Flu no more: The search for a universal vaccine

Flu no more: the search for a universal vaccine
Fig. 1: Left: General influenza structure. Right: Hemagglutinins are divided into two regions: a head domain and a stalk. The head domain is prone to mutation and undergoes rapid change while the stalk domain is more resistant to mutation. Credit: Frontiers in Immunology

Chances are, you've had the flu.

Body aches, chills, congestion, and cough—for millions across the globe, these symptoms are all too familiar.

For some, though, the flu leads to serious complications. Last year, as many as 647,000 Americans were hospitalized due to flu-related illness, with an additional 61,000 deaths.

Countless hours of lost productivity also accompany the illness. Including hospitalization costs, estimates for the flu's total economic burden range from $10 billion to $25 billion each year.

Flu prevention efforts have yielded mixed results. For many viruses, vaccines provide protection that lasts a lifetime, building up a network of antibodies primed to neutralize future infections. Influenza viruses, however, mutate quickly, rendering vaccines from years past ineffective. As a result, new vaccines are constantly in development.

Every year, researchers predict which flu viruses are likely to dominate the upcoming flu season. Based on these predictions, new vaccines target these specific strains. Consequentially, the effectiveness of these vaccines vary with the prediction. When a is a good match for the dominant flu strain, it can lower rates of infection by 40-50 percent. When it isn't, its preventative power is far lower; in 2014, for example, the yearly influenza vaccine was only 19 percent effective.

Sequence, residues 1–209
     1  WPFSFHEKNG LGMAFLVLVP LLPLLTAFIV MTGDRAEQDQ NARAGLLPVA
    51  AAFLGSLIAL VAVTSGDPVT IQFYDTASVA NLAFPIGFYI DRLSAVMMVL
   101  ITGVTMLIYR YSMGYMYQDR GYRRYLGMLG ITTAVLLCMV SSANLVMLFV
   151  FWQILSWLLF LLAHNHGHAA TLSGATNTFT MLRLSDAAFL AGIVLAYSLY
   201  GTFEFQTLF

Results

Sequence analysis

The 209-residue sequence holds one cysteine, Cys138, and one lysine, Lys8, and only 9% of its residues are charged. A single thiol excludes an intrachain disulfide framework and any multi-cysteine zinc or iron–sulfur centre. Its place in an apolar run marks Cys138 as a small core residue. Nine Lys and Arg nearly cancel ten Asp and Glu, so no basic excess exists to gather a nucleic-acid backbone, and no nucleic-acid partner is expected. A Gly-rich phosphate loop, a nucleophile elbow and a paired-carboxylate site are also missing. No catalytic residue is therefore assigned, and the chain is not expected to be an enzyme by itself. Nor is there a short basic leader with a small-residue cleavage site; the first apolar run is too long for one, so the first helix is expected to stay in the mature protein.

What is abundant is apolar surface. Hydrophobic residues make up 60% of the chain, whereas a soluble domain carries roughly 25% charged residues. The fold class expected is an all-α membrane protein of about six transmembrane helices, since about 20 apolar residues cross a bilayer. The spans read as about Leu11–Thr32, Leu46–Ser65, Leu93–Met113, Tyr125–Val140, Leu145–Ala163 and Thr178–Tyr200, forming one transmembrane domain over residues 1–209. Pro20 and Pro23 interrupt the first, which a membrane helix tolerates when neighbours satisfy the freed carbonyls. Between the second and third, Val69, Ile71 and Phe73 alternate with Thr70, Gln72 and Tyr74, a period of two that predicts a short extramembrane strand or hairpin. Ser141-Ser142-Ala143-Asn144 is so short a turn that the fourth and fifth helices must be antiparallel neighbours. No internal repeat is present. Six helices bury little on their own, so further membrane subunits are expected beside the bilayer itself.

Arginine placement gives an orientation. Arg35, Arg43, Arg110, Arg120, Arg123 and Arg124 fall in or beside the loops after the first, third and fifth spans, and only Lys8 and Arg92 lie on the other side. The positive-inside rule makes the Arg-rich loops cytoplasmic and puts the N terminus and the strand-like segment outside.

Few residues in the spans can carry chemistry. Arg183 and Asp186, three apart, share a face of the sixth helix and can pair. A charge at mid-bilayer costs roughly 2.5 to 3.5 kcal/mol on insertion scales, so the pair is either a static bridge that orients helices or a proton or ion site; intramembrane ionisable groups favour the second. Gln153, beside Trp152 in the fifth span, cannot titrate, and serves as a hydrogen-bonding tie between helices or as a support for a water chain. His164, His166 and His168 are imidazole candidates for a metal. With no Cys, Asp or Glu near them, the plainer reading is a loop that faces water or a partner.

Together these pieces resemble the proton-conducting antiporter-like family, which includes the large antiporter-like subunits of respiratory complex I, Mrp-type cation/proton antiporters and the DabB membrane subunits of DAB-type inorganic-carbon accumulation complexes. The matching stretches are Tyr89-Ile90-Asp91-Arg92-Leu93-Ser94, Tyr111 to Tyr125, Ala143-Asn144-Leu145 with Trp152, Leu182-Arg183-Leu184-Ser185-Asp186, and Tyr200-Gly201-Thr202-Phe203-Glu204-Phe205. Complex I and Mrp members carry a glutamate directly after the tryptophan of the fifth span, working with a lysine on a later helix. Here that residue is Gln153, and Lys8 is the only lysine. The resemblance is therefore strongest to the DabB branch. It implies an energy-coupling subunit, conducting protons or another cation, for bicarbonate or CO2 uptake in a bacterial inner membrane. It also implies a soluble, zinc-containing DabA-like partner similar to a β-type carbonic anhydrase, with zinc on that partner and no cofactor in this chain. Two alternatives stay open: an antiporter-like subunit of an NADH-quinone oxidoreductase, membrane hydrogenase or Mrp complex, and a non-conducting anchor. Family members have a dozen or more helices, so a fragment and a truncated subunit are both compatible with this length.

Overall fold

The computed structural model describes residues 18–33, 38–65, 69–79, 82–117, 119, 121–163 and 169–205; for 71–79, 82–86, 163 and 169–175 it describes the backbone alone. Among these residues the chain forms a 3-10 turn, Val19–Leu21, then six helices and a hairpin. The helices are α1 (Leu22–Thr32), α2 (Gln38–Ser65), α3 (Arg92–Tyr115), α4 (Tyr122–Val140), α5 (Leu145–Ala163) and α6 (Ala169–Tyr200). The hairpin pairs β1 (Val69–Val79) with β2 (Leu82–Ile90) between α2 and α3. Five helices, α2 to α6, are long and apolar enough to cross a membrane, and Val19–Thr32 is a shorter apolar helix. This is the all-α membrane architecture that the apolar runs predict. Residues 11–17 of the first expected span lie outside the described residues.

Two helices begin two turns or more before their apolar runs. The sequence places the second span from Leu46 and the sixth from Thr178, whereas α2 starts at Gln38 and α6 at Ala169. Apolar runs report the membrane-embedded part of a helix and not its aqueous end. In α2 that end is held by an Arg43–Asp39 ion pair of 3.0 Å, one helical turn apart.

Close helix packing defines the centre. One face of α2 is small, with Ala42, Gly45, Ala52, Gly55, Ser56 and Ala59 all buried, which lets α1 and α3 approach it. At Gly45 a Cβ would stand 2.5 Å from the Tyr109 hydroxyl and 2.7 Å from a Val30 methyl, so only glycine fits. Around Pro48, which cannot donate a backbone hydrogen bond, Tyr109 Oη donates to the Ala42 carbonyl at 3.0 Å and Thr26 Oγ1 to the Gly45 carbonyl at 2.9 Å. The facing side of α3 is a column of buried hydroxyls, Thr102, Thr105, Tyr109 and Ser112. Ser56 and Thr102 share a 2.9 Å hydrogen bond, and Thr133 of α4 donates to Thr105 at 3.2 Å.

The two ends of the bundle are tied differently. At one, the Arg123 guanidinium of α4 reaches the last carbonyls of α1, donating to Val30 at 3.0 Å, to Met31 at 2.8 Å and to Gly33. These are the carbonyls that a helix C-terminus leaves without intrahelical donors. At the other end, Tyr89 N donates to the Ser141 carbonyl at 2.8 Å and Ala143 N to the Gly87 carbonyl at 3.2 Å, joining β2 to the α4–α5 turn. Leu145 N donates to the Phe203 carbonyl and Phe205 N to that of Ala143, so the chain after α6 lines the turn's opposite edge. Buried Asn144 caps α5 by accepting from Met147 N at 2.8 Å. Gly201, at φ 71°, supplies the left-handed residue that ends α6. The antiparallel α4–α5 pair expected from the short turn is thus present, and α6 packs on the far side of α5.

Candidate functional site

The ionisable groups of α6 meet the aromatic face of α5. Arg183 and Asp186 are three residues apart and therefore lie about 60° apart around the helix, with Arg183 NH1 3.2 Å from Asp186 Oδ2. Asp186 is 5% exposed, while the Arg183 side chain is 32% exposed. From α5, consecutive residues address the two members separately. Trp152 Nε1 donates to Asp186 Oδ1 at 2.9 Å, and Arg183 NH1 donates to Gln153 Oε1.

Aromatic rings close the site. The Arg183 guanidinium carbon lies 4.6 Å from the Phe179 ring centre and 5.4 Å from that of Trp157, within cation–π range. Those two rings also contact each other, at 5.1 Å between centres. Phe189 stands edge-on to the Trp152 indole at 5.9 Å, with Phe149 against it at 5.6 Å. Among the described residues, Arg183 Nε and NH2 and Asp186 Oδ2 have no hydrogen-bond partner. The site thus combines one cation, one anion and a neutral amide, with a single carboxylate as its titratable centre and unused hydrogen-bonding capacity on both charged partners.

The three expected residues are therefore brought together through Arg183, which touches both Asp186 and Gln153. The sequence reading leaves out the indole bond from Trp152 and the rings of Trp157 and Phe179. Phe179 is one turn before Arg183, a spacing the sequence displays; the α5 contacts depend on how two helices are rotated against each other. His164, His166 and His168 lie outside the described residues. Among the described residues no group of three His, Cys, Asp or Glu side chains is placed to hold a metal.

Peter Palese, Ph. D, might have a better solution. Working at the Icahn School of Medicine, Palese and his team are developing a vaccine that takes a new approach to flu prevention.

Just before classes ended last month, Palese spoke at the Duke Influenza Symposium, a showcase of Duke's current research on influenza. The symposium is part of Duke's larger push to improve the efficacy of flu vaccination.

Palese's vaccines work by redirecting the immune response to the influenza . Traditional vaccines create antibodies that target hemagglutinins, proteins found on the outermost part of . Hemagglutinins are divided into two regions: a head domain and a stalk domain (Fig. 1).

In a traditional vaccination, the head domain is immunodominant—that is, the antibodies produced by vaccines preferentially target and neutralize the head domains. However, the head domain is highly prone to mutation and varies between different strains of influenza. As a result, antibodies for one strain of the virus provide no protection against other strains.

The new vaccines pioneered by Palese and his team instead target the stalk domain, a part of hemagglutinin that mutates far slower than the head . The stalk is also conserved across different subtypes of the influenza virus. As a result, these vaccines should theoretically provide long-lasting protection against most of influenza.

Testing in ferret, mice, and have produced promising results. And early human trials suggest that this new kind of vaccination grants broad immunity against . But long-term results remain unclear—and more trials are underway. "We would love to say it works," Palese says. "But give us 10 years."

In the meantime, the seasonal flu vaccine is our best option."The recommendation to vaccinate everyone is the right policy," Palese tells us.


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